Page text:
I removed the simple wire from my cloth mask the hospital gave to me with a Starbucks bag closer wire. Two stiff but malleable wires in a plastic strip work much better than the thin original wire.
Or you can leave the mask sitting down under your nose like one of the total idiots on the street and in every building. I can't believe the number of people who would be dead if this were a real deadly pandemic. ;)
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On Friday, November 6, 2020 at 11:00:43 PM UTC-5, Larry Jaques wrote:

Yes & no. Some of the leaked air is through the mask material itself - not actually a leak. I have tightened those nose things till they threatened to give me a nose-ectomy with varying results.
This looks interesting - (Amazon.com product link shortened)Y48KO02274O&dchild=1&keywords=mask+with+hepa+filter+air+pump&qid05045254&sprefix=mask+with+hepa%2Caps%2C153&sr=8-7
I may give it a shot.
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On Wednesday, October 28, 2020 at 5:43:20 PM UTC-4, rangerssuck wrote:

My solution is to get a pair of glasses that are just for use at about 30 inches. In other words not bifocals and not progressives, but readng glasses but for a longer focal distance.
Bought from Zenni optical.
Dan
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On Sunday, November 1, 2020 at 8:24:46 PM UTC-5, snipped-for-privacy@krl.org wrote:

ar progressives, and can't just push them higher up on my face. Scouring th e internet (poking around for a half hour or so) hasn't revealed any soluti ons.

eal with this.

inches.

for a longer focal distance.

yeah, that would be fine if my entire world was 30 inches away from my face . Unfortunately, it's not like that. I'm up & down ladders, under vehicles, working on machines and sitting in front of a computer.
When sitting at the computer, I'm usually NOT wearing a mask, so that's no problem.
Zenni Rocks. Several years back, I took someone's (someone from RCM, I thin k) and bought a set of trial lenses and an adjustable frame. Wow. I could m ake a pair of glasses for each individual thing I do. Seriously, it's nice to have a set of computer glasses (again, progressives that focus from 30 i nches to 12 inches) and a set of magnifying lenses (added +2 to my normal r eading scrip). They make a huge difference when looking at tiny things.
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On 11/10/2020 2:51 PM, rangerssuck wrote:

Zenni is pretty good, but they don't seem to sell trifocals. I've tried several times to get used to progressives and ultimately holding my head at exactly the perfect angle to see in best focus drives me crazy. I did quite a bit of research and decided to try large format trifocal lenses. I can wear them all day. Its not perfect, but i was able to get used to their very predictable range of view for exchange range of viewing. I have a set of Zenni progressives with my current prescription in a case, and they look like brand new because I keep them only for cheap emergency backups. I've tried to wear them a few times, but they go back in the case pretty quickly. My optometrists answer was to try to get me to use two pairs of bifocals. They didn't even suggest it until I brought it up. Everybody is different, but for me the trifocals worked the best.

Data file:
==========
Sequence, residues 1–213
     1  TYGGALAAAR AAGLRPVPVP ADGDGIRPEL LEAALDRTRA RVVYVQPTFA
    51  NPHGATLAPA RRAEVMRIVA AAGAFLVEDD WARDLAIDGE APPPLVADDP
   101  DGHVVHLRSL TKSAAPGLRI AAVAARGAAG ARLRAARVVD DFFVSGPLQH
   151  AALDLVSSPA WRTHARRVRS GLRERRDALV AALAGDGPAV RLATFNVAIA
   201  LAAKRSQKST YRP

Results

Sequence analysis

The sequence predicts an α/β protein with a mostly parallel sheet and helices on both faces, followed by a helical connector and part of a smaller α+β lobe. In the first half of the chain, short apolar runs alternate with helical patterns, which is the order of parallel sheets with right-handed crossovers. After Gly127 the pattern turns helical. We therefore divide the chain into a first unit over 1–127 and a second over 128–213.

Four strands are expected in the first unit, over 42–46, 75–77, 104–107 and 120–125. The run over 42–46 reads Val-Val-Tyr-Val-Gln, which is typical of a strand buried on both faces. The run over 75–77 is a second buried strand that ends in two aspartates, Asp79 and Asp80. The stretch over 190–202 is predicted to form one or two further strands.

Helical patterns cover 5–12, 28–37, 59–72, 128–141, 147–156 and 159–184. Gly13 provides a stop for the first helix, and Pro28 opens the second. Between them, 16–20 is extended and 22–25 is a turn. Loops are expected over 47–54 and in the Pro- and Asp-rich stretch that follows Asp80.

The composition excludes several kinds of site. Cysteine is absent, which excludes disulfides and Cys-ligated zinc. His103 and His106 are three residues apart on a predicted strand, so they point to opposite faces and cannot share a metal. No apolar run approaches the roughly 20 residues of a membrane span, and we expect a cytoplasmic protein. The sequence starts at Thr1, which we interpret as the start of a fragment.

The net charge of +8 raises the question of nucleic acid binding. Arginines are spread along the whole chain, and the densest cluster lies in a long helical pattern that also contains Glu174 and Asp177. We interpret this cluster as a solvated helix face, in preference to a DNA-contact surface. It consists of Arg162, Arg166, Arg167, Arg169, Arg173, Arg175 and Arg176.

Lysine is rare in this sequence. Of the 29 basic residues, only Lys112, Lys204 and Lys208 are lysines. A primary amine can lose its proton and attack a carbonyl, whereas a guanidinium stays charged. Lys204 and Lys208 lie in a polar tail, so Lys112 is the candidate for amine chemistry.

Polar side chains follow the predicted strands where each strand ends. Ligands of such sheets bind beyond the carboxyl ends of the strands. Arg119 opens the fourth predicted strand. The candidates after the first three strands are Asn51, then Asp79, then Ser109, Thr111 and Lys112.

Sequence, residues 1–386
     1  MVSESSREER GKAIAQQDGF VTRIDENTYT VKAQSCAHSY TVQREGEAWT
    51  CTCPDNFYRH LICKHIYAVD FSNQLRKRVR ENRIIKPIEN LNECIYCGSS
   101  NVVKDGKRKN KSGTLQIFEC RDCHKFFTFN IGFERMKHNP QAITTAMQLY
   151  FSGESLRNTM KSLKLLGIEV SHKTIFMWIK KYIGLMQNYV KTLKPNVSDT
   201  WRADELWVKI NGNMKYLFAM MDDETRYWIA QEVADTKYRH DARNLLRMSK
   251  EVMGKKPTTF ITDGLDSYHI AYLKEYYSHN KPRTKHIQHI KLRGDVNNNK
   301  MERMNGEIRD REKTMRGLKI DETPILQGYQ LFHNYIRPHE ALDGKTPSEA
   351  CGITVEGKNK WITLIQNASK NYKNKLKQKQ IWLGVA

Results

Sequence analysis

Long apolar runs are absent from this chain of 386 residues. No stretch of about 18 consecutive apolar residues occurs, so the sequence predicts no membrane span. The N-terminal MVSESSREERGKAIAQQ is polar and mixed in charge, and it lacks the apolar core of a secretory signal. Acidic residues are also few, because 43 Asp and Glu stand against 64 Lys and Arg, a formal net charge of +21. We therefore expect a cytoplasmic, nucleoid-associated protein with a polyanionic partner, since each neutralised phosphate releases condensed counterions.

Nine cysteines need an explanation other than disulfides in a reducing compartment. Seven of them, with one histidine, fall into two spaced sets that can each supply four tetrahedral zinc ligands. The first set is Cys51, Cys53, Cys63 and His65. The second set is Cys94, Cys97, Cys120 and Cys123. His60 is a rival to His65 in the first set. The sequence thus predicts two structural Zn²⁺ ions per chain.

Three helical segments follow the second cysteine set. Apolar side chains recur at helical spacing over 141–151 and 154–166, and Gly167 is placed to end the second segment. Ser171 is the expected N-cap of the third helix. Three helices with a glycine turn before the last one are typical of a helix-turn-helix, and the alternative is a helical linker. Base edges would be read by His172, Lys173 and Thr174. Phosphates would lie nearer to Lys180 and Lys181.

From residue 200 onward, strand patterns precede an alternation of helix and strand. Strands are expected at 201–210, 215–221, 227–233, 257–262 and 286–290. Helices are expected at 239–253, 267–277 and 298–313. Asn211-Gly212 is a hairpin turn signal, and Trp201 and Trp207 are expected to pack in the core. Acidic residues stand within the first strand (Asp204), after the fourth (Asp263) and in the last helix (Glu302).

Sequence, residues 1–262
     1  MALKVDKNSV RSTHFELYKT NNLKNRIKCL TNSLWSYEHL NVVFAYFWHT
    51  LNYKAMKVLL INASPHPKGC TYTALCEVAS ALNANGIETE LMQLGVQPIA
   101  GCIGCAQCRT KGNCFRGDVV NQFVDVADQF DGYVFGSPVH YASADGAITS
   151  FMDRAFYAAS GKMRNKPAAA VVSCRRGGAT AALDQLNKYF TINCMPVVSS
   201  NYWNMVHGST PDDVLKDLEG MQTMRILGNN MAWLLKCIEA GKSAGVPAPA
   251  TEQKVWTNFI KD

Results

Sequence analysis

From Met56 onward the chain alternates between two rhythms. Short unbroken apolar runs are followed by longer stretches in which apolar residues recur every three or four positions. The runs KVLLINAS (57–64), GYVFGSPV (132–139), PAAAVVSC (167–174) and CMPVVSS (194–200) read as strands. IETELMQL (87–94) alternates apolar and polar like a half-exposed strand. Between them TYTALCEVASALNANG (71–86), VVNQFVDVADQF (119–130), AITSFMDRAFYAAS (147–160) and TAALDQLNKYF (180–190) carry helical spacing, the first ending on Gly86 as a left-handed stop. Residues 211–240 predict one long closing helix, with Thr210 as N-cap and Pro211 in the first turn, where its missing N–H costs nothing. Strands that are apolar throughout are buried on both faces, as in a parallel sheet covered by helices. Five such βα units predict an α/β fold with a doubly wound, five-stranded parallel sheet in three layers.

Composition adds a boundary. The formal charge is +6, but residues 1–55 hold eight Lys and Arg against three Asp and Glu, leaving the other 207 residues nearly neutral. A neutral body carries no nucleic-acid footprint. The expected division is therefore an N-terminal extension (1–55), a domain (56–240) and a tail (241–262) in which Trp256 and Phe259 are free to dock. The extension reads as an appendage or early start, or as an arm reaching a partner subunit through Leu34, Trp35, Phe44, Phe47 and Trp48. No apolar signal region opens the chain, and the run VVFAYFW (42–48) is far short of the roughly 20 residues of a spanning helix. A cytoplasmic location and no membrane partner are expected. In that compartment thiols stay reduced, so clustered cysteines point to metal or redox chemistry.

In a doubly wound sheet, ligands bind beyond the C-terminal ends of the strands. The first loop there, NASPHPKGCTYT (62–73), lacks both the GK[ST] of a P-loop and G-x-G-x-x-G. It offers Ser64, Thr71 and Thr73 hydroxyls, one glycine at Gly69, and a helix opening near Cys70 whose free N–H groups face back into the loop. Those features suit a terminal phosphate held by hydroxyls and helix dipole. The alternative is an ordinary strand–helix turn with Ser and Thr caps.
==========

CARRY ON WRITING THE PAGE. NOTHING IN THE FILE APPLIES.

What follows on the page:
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Bob La Londe wrote:

I went with progressives but should have stayed with single vision. Astigmatism that only is really a problem out past 7-8 feet on small objects, but the doc thought they would be good working on the computer, So they normally set next to me on the desk...
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wrote:

I started using reading glasses about 40 years ago, then about 1990 my optometrist suggested "access" lenses - a small mid-range lens in the mid upper area of full size reading lenses and after discussion, we had them made up as "safety glasses" for use both at the computer and in the workshop. Now, whenever I replace my "computer glasses" the old pair move downstairs to hang outside the workshop door. Even cataract surgery has not changed this strategy! The only problem I've had is telling the difference as both pair have similar frames. At least this way I can always find a pair of safety glasses when the need arises.